Photo math isn't math at all. It's arithmetic. It's adding and subtracting light. It's also either multiplying by 2 or dividing by 2. That's it. Photo arithmetic is easy. It all starts with a stop. What is a stop? A stop in everything but photography is coming to a complete halt. No movement. No motion. Photographically, a stop or more accurately an f/stop is a quantity of light. F/stop, by itself, always refers to an aperture value of a lens. F/8.0 is an aperture value. F/stops are used in relation to an amount of exposure to describe how … [Read more...] about Everything you need to know about photo math
Shutter Priority exposure mode is a fantastic tool for controlling how motion appears in your final image. This exposure mode allows the photographer to set the shutter speed while the camera determines the aperture. Most DSLR and mirrorless cameras offer at least four different exposure modes including shutter priority, aperture priority, program mode and manual. Although I shoot the majority of my images in aperture priority, I regularly use shutter priority for subjects where I’m concerned about properly conveying motion. How to set up … [Read more...] about Shutter Priority and when to use it
Exposure is the process of choosing the correct settings on your camera to produce a picture that "looks right;" not too bright, not too dark, and sharp where it should be. While your camera will figure all of this out for you, it's good to know how to take control away from your camera, and make sure it's making the right choices in each situation. In this series, you will learn what each setting means, how they affect the way your images look, and how they work together to create an image that matches your creative ideas. The process of … [Read more...] about Understanding exposure: The aperture setting
When I bought my first DSLR — a fancy Nikon D5100 — I was completely overwhelmed. I had watched a ton of YouTube videos and read the manual, but really didn't feel like I had a deep knowledge of how to use my camera. There was one piece of advice I heard that paved the way to where I am today in my photography — to use Aperture Priority mode. Photographing in Manual mode is often preferred by professionals because it gives you complete control over the camera's functions. But this can be confusing and oftentimes difficult to learn, which … [Read more...] about Getting started with your new camera: A for Aperture Priority
When I purchased my first DSLR — a Nikon D5100 — it came with a kit lens. It was 18-55mm and had a variable aperture of f/3.5-5.6. While the focal range was fairly common and a great starter, the limits of variable aperture soon became noticeable. So what is the difference between a fixed and a variable aperture in a zoom lens? Variable aperture lenses Lenses with variable apertures mean that the aperture changes based on your focal length. On my 18-55mm lens, I could achieve a f/3.5 aperture when zoomed all the way out to 18mm. When I … [Read more...] about Photography 101: The difference between fixed and variable aperture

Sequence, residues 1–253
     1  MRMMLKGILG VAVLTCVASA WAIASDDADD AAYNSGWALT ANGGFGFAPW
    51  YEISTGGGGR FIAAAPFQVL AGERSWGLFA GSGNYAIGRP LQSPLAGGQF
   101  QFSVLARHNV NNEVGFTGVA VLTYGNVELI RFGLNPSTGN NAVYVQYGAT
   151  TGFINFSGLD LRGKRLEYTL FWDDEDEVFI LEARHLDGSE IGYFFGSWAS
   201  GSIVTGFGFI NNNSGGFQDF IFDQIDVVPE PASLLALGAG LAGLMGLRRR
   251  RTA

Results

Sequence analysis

When we talk about photographing behaviors and events as they unfold, we think about being “reactive,” or shooting on the fly. In a studio setting, we are “proactive,” we make decisions about pretty much every characteristic of the photo before it is taken. My goal with wildlife photography is to be more “proactive” and make as many choices before the action begins as possible, so I am not fumbling with settings when the good stuff goes down! Be a “ready” photographer Being a “ready” photographer means you are prepared for the things that … [Read more...] about On Nature: What settings should I use for wildlife photography?
I'm a part of several photography groups on Facebook, and some provide a suggestion to provide your camera settings for any photos you uploaded. Things like aperture, shutter speed and ISO, for instance. And while it can certainly be interesting to see these settings and see what they can do in certain situations, they don't matter in the long run. Settings Won't Help to Recreate a Photograph Unless you're shooting in a studio with no windows and can control the environment completely, settings won't be the end-all to recreating a … [Read more...] about Knowing the Camera Settings for a Photo Isn’t Really Important
As photographers, depth of field is something that's important to take into account with every image we produce. While it can create some cool creative effects like bokeh, it can also be used in professional ways to create a more appealing photograph. What is Depth of Field? Simply put, depth of field is the "distance between the nearest and farthest objects in a scene that appears acceptably sharp in an image" (Wikipedia). A large, or broad, depth of field (small opening large number i.e. f/16) has more of the image sharp and in-focus, … [Read more...] about Mastering Depth of Field